Australasia's home for timber news and information

Myrtle rust sightings heat up with hot weather

Biosecurity Queensland is preparing for a rise in myrtle rust infections in Queensland with warmer days and wet weather on the way.
Director of the Myrtle Rust Program, Mike Ashton said myrtle rust was likely to flourish in the Queensland summer conditions.
“Since this time last month, and specifically following the recent warmer days in South East Queensland, we’ve seen more than a 300 per cent increase in public reports of myrtle rust,” Mr Ashton said.
“Unfortunately, myrtle rust loves the warm, wet conditions that our Queensland summers produce so we’re gearing up for a significant increase in the number of reports over the coming months.”
Myrtle rust is now widespread in South East Queensland with recent detections of the disease in nurseries in Cairns and Townsville.
“Myrtle rust can’t be contained or eradicated, but the more we know about the disease the more we can learn about how best to manage it and its potential impacts,” Mr Ashton said.
“Myrtle rust’s ‘notifiable status’ was recently revoked–meaning there is no longer a legal requirement to report sightings of the disease.
“However, I strongly encourage people to continue reporting because being able to track the spread of the disease, and identify its host range and impacts, helps us develop management strategies and better target our information and advice to affected businesses and communities.”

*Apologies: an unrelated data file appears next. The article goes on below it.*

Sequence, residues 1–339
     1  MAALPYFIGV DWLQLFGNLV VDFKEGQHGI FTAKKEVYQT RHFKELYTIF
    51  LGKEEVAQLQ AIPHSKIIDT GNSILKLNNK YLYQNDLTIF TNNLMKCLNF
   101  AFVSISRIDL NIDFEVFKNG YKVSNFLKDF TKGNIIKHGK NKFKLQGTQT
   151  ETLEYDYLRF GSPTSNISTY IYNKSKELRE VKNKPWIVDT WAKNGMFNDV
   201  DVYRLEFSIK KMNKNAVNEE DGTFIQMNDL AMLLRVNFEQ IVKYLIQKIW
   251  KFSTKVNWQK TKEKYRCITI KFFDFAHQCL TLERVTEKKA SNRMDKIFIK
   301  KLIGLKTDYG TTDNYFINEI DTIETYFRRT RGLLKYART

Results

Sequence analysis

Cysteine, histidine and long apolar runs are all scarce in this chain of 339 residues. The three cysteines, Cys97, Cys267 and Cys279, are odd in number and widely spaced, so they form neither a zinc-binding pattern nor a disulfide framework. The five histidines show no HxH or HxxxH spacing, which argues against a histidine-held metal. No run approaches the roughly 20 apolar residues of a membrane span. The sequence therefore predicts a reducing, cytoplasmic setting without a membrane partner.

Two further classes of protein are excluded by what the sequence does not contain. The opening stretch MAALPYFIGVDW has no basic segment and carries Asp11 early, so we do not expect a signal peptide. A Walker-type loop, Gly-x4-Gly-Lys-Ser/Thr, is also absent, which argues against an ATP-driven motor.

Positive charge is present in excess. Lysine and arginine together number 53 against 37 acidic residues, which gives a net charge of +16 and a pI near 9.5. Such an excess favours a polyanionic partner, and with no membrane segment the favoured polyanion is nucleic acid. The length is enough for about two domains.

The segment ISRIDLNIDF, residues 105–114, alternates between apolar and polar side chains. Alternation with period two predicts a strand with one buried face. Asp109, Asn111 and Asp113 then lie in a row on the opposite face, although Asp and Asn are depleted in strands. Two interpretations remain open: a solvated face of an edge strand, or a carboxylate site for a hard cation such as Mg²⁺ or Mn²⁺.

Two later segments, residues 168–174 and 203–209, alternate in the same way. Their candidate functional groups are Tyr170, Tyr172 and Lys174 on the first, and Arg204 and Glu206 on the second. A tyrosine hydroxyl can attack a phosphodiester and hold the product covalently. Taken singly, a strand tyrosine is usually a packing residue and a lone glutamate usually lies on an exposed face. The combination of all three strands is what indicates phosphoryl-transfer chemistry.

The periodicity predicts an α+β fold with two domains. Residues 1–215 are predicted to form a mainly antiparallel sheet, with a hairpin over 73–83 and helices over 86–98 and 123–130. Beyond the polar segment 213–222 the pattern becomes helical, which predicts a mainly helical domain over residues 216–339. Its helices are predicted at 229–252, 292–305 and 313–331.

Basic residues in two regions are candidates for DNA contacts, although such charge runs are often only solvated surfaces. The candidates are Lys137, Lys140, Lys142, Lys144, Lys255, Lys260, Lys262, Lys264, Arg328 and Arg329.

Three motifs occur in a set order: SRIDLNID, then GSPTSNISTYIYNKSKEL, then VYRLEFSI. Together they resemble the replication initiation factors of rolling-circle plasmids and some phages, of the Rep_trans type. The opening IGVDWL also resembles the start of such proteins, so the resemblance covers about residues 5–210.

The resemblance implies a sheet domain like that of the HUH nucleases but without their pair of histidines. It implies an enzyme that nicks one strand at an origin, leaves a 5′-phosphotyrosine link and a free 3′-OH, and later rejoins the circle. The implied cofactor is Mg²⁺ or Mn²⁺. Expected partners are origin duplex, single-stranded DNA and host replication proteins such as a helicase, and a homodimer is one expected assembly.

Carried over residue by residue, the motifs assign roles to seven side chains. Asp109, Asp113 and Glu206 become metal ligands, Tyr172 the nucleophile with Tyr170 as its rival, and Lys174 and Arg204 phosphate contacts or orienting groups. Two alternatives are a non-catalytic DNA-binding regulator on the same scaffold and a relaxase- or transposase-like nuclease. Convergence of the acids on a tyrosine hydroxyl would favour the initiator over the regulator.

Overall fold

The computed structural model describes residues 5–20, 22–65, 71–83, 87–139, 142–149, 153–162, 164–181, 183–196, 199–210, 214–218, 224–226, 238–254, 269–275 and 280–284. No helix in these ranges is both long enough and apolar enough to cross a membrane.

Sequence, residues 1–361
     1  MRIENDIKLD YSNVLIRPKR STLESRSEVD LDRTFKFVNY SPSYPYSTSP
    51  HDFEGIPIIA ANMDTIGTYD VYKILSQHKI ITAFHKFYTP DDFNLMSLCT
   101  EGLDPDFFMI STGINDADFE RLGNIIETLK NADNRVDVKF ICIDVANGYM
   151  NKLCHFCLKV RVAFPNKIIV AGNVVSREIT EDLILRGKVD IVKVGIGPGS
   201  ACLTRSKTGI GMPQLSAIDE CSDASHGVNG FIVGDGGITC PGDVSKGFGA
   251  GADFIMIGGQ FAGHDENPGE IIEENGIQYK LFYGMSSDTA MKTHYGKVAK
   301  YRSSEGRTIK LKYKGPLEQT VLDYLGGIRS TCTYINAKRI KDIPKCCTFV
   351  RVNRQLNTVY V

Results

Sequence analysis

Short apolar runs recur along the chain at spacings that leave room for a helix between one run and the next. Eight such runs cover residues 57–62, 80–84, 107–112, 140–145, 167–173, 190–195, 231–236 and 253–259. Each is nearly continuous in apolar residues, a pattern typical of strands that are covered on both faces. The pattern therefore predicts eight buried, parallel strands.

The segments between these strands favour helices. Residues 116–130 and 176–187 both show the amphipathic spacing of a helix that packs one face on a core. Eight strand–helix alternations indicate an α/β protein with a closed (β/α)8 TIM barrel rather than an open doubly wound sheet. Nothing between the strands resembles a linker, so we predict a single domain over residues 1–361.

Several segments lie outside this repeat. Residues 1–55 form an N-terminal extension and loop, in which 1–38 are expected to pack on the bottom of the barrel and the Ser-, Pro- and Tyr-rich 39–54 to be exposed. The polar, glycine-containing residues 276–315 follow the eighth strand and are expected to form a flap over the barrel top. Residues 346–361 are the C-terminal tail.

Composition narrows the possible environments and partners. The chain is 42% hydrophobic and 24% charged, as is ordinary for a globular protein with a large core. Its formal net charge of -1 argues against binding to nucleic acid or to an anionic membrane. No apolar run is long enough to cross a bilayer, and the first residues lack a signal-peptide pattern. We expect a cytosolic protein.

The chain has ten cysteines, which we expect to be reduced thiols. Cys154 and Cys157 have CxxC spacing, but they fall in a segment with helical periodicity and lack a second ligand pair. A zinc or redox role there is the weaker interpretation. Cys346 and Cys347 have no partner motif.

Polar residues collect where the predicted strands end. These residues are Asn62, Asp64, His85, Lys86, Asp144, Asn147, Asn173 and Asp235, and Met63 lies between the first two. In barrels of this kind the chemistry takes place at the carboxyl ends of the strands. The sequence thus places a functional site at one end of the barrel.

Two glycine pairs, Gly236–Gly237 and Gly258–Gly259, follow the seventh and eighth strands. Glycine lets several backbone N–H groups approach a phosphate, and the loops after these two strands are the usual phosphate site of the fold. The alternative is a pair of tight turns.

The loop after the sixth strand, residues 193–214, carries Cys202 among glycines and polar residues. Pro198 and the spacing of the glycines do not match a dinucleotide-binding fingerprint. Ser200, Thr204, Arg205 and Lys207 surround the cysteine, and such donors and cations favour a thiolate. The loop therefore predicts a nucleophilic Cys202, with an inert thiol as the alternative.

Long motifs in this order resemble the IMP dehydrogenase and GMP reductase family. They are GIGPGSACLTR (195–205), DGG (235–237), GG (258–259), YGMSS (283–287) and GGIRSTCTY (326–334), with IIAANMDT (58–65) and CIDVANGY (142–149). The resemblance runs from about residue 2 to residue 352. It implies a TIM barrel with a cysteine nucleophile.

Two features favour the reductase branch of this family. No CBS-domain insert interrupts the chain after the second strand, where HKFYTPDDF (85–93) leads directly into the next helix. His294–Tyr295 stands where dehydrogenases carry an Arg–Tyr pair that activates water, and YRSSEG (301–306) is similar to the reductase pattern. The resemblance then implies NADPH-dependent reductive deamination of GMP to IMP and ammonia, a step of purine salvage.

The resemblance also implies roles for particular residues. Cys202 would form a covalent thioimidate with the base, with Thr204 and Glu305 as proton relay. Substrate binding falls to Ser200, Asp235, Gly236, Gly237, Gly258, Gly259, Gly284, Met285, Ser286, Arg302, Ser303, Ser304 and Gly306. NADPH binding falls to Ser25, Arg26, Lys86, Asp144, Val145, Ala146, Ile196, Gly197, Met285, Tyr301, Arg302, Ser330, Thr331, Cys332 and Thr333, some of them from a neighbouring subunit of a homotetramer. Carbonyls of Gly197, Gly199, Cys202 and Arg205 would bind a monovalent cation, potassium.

Biosecurity Queensland recently hosted a national research and development workshop to discuss current and proposed myrtle rust research opportunities.
“Research is incredibly important as the disease is new to Australia and there are many things we don’t know about how it will behave in the Australian environment,” he said.
“We were very happy with how the workshop went with over 50 researchers and representatives from around the country joining in the discussions.
“One of the main objectives of the meeting was to identify key gaps in our current knowledge and understanding of the disease and its management, and to identify opportunities for further research to fill those gaps.
“I believe we achieved this objective and we’re looking forward to the development of some interesting projects in the future.”
The first signs of myrtle rust are tiny raised purple spots or pustules on new leaves. After a few days, the pustules erupt into distinctive, fluffy-looking egg-yolk yellow spores.
Myrtle rust attacks young, soft, actively growing leaves, shoot tips and young stems, as well as fruits and flower parts of susceptible plants.
If left untreated, myrtle rust can cause deformation of leaves, heavy defoliation of branches, dieback, stunted growth and even plant death.
For more information on myrtle rust or to report a detection call 13 25 23 or visit